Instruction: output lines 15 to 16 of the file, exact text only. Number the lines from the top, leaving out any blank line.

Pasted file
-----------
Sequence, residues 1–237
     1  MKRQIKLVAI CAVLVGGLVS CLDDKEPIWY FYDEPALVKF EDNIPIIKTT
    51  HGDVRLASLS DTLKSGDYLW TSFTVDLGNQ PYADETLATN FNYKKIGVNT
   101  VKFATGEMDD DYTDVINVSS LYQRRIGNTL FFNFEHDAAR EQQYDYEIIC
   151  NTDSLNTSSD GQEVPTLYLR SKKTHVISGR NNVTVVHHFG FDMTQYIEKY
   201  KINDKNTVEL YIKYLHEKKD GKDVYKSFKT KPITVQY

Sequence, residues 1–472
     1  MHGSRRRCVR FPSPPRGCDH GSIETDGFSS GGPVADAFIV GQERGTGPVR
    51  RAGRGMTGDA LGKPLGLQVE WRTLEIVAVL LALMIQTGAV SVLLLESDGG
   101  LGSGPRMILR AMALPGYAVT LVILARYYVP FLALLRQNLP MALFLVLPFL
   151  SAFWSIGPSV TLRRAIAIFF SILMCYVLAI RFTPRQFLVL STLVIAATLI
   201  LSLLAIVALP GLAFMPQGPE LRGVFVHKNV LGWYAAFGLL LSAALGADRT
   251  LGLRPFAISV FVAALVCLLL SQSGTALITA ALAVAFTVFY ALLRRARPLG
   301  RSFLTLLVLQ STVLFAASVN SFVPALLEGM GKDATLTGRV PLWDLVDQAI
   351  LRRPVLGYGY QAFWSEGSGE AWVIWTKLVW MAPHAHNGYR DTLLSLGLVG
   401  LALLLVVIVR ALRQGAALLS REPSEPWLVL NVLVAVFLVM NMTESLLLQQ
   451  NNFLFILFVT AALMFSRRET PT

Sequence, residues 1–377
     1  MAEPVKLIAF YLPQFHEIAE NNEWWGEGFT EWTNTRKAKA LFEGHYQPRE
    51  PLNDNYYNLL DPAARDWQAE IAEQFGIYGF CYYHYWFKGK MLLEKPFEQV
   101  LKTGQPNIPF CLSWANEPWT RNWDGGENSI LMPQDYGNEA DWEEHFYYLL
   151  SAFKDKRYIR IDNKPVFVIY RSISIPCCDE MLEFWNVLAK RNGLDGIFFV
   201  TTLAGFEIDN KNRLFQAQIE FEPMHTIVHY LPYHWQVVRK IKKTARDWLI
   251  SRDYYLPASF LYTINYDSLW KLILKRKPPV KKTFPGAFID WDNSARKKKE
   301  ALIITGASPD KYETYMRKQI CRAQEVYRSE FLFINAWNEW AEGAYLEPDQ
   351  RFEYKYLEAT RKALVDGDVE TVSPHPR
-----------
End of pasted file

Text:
   351  LRRPVLGYGY QAFWSEGSGE AWVIWTKLVW MAPHAHNGYR DTLLSLGLVG
   401  LALLLVVIVR ALRQGAALLS REPSEPWLVL NVLVAVFLVM NMTESLLLQQ